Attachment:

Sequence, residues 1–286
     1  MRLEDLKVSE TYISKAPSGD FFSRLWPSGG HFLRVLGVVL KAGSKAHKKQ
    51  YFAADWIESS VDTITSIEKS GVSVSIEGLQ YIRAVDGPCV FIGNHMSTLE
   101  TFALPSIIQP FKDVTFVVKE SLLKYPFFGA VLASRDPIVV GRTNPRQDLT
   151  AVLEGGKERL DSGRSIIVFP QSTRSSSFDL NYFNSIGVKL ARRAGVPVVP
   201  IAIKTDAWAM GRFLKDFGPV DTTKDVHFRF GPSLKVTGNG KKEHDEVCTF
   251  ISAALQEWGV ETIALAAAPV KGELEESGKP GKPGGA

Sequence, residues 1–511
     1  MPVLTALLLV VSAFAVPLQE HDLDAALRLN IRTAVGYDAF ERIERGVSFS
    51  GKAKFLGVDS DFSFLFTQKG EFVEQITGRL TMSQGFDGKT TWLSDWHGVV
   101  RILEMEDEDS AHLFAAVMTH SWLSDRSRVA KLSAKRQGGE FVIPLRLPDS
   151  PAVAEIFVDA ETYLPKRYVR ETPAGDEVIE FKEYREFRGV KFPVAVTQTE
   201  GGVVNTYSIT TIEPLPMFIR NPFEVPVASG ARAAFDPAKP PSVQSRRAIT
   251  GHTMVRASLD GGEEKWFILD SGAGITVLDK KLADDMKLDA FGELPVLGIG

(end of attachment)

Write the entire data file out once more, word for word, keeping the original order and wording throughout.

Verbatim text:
Sequence, residues 1–286
     1  MRLEDLKVSE TYISKAPSGD FFSRLWPSGG HFLRVLGVVL KAGSKAHKKQ
    51  YFAADWIESS VDTITSIEKS GVSVSIEGLQ YIRAVDGPCV FIGNHMSTLE
   101  TFALPSIIQP FKDVTFVVKE SLLKYPFFGA VLASRDPIVV GRTNPRQDLT
   151  AVLEGGKERL DSGRSIIVFP QSTRSSSFDL NYFNSIGVKL ARRAGVPVVP
   201  IAIKTDAWAM GRFLKDFGPV DTTKDVHFRF GPSLKVTGNG KKEHDEVCTF
   251  ISAALQEWGV ETIALAAAPV KGELEESGKP GKPGGA

Sequence, residues 1–511
     1  MPVLTALLLV VSAFAVPLQE HDLDAALRLN IRTAVGYDAF ERIERGVSFS
    51  GKAKFLGVDS DFSFLFTQKG EFVEQITGRL TMSQGFDGKT TWLSDWHGVV
   101  RILEMEDEDS AHLFAAVMTH SWLSDRSRVA KLSAKRQGGE FVIPLRLPDS
   151  PAVAEIFVDA ETYLPKRYVR ETPAGDEVIE FKEYREFRGV KFPVAVTQTE
   201  GGVVNTYSIT TIEPLPMFIR NPFEVPVASG ARAAFDPAKP PSVQSRRAIT
   251  GHTMVRASLD GGEEKWFILD SGAGITVLDK KLADDMKLDA FGELPVLGIG